Iraq, Forced displacement and deliberate destruction

Case prepared by Alexandra Hansen, BLaw, student at the Universities of Basel and Geneva (Switzerland), under the supervision of Professor Marco Sassòli and Ms. Yvette Issar, research assistant, both at the University of Geneva.

 N.B. As per the disclaimer, neither the ICRC nor the authors can be identified with the opinions expressed in the Cases and Documents. Some cases even come to solutions that clearly violate IHL. They are nevertheless worthy of discussion, if only to raise a challenge to display more humanity in armed conflicts. Similarly, in some of the texts used in the case studies, the facts may not always be proven; nevertheless, they have been selected because they highlight interesting IHL issues and are thus published for didactic purposes.


Iraq: Banished and Dispossessed: Forced Displacement and Deliberate Destruction

[Source: Amnesty International, "Iraq: Banished and Dispossessed: Forced Displacement and Deliberate Destruction", 20 January 2016, AI Index number: MDE 14/3229/2016, available at:, footnotes omitted]
[1] Over three million people have been displaced by the ongoing conflict in Iraq, the highest number and fastest rate of people displaced in the world in 2015 according to the International Committee of the Red Cross (ICRC).
[2] In five provinces most of the displaced cannot return to their homes as their towns and villages, taken over by the armed group calling itself “Islamic State” (IS) since mid-2014, remain under IS control or have been recaptured by Iraqi and Kurdish forces and militias but remain unsafe or have sustained extensive damage in the fighting.
[3] Many of the displaced are being prevented from returning by the Kurdish Peshmerga and Iraqi government forces and paramilitary militias who recaptured the areas from IS in an attempt to consolidate their control over territories which have long been disputed.
[4] This reports focusses on areas of northern Iraq where Peshmerga forces of the semi-autonomous Kurdistan Regional Government (KRG) are preventing residents of Arab villages and Arab residents of mixed Arab-Kurdish towns from returning to their homes, and in some cases have destroyed or permitted the destruction of their homes and property – seemingly as a way to prevent their return in the future.
[5] Some of the displaced families fled their homes when IS fighters captured their villages in the second half of 2014. Others only fled when fighting broke out between IS and Peshmerga forces, as the latter drove IS fighters out from the areas in late 2014 and in 2015. Some families were expelled from their homes by Peshmerga forces after these had taken control of the areas.
[6] Displaced families took little or nothing with them when they fled, thinking they would soon return home. Many farmed the land and herded animals in and around their villages, and have not only lost their homes but also their livelihood. Displaced families are now sheltering in camps for internally displaced persons (IDPs), where conditions are dire and humanitarian assistance woefully inadequate, or in disused or unfinished buildings lacking sanitation and basic facilities, many without access to humanitarian aid. Some are being hosted by relatives in already overcrowded homes and others rent accommodation which they may soon have to give up as their savings run out.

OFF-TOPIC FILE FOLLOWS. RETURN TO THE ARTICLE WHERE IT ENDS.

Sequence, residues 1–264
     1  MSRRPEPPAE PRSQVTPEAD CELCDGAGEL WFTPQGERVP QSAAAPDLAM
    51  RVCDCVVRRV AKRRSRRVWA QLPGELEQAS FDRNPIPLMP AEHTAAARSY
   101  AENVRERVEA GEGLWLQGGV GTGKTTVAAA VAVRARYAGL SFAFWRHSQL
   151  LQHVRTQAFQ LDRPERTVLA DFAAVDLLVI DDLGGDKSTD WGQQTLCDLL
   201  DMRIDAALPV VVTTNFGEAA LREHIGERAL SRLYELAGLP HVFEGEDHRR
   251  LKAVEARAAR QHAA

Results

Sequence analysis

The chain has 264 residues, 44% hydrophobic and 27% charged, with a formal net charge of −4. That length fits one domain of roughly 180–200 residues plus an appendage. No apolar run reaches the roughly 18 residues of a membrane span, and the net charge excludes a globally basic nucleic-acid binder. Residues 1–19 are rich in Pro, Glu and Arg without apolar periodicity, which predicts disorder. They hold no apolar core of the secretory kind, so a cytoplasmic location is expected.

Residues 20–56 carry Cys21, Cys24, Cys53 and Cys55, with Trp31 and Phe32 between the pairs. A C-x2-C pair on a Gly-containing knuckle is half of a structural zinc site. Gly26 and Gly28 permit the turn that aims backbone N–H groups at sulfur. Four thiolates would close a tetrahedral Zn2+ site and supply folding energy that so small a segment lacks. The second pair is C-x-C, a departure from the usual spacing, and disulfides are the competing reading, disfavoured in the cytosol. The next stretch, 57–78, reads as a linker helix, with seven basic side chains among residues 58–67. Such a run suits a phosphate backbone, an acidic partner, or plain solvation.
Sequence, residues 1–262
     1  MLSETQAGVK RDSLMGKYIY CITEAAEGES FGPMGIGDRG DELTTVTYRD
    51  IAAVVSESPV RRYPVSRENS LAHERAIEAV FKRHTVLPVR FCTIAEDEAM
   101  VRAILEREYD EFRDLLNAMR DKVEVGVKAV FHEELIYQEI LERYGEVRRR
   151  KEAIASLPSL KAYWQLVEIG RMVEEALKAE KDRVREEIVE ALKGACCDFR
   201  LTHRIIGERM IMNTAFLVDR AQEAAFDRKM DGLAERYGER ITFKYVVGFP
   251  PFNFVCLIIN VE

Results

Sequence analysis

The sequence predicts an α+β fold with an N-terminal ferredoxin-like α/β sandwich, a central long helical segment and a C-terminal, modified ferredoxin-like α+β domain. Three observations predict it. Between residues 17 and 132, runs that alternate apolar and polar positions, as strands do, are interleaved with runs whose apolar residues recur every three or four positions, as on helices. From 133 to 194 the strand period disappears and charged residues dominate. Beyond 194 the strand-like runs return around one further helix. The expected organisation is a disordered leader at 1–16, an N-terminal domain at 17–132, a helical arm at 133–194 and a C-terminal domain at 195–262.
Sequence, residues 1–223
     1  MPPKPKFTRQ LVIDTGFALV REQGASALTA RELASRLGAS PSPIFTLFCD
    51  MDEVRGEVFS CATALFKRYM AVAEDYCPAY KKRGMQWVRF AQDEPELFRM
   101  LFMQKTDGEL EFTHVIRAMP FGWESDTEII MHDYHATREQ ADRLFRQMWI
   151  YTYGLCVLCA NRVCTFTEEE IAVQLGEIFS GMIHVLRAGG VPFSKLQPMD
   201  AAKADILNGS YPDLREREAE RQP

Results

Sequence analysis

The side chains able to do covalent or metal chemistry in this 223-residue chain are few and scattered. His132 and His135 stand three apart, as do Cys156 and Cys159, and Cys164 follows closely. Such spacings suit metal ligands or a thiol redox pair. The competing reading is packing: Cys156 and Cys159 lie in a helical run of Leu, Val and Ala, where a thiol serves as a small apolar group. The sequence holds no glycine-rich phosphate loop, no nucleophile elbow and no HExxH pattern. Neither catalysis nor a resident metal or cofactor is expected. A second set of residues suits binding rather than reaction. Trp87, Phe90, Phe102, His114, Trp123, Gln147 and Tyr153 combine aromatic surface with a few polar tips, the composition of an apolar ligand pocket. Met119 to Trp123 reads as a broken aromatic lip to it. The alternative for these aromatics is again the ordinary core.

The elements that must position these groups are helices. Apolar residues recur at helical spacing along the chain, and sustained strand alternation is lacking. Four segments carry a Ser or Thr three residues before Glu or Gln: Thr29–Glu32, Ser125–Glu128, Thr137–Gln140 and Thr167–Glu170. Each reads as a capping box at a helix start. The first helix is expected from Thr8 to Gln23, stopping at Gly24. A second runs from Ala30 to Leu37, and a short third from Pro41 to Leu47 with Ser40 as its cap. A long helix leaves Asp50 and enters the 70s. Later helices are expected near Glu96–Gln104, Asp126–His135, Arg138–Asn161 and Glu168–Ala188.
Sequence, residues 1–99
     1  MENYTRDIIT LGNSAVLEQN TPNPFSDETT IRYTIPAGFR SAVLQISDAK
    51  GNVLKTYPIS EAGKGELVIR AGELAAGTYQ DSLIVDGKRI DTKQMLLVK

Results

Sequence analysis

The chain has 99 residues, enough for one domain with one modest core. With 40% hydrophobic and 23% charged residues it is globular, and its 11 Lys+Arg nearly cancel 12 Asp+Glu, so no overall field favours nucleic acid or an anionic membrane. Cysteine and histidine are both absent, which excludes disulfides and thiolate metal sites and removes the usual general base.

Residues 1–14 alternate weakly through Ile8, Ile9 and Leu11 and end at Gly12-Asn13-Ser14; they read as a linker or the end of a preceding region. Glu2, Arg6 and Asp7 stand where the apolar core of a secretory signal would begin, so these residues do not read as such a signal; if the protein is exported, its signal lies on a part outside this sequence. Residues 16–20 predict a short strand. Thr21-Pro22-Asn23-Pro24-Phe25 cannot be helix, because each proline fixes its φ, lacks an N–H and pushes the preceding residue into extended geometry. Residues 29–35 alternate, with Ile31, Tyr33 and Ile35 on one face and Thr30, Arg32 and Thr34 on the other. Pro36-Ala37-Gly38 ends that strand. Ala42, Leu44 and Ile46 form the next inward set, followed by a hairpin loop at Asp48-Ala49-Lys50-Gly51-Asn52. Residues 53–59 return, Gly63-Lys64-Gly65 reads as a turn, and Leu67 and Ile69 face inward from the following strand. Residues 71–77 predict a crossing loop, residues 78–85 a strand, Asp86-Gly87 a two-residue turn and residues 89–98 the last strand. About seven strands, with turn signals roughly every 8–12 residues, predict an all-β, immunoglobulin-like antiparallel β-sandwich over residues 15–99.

[7] The displaced are also subject to restrictions on their movements imposed by the KRG authorities, which severely limit their ability to work, study or even access medical care. [...]
[8] KRG officials have offered various explanations of why residents are not allowed to return to their villages: Because the areas are not yet safe; because Arab residents of these areas cooperated or may cooperate with IS or that residents have gone to IS-controlled areas and will not return. [...]
[9] As well, KRG officials have implicitly or explicitly justified the forcible displacement of Arab residents as a way to reverse the mass displacement of Kurds in previous decades, notably during the Saddam Hussein regime, which attempted to “Arabise" Kurdish regions through demographic engineering”. […]
[10] While some homes and properties of displaced Arab residents may have been damaged or destroyed in the fighting, in many cases they were looted, intentionally burned down, bulldozed or blown up after the fighting had ended and Peshmerga forces were in control of the areas.
[11] The organization is aware that a large number of Iraqis displaced by the conflict in Iraq, from all ethnic and religious communities, including many Arabs, have sought refuge in areas controlled by the KRG, and that the KRG authorities have been faced with significant humanitarian and security challenges as a result. However, the cases of forced displacement of residents and unlawful destruction of civilian homes and property highlighted in this report are not isolated incidents. Rather, they are examples of a wider pattern across the disputed areas of northern Iraq, where parties which had long vied for exclusive control of these areas are now intent on consolidating territorial gains they have made as a result of battlefield successes against IS. Further, these abuses appear to have at times been committed in retaliation for residents’ family or community ties or perceived support for members of IS or other armed groups who perpetrated widespread atrocities against civilians and Peshmerga forces in the areas.
[12] Such practices are in violation of international law regulating the conduct of the parties to a non-international armed conflict, which prohibits the displacement of civilians and the destruction or seizure of property not required by imperative military necessity. Suspicions or vague allegations that a certain population group or community may support or cooperate with the enemy does not constitute imperative military necessity and cannot justify measures which amount to collective punishment. Amnesty International considers that such cases of forced displacement and unlawful destruction of civilian property should be investigated as war crimes.
[13] International humanitarian law, or the laws of war, governs the conduct of the parties to an armed conflict. It sets out rules of humane conduct that aim to minimize human suffering and offer special protection to civilians and those not directly participating in hostilities.
[14] These rules are legally binding on all parties to the conflict, state armed forces as well as non-state armed groups. Serious violations of international humanitarian law constitute war crimes and those who commit or order war crimes are individually responsible and must be brought to justice. States have an obligation to investigate alleged violations of the laws of war, to bring to justice those responsible, and to ensure reparation for the victims of such violations.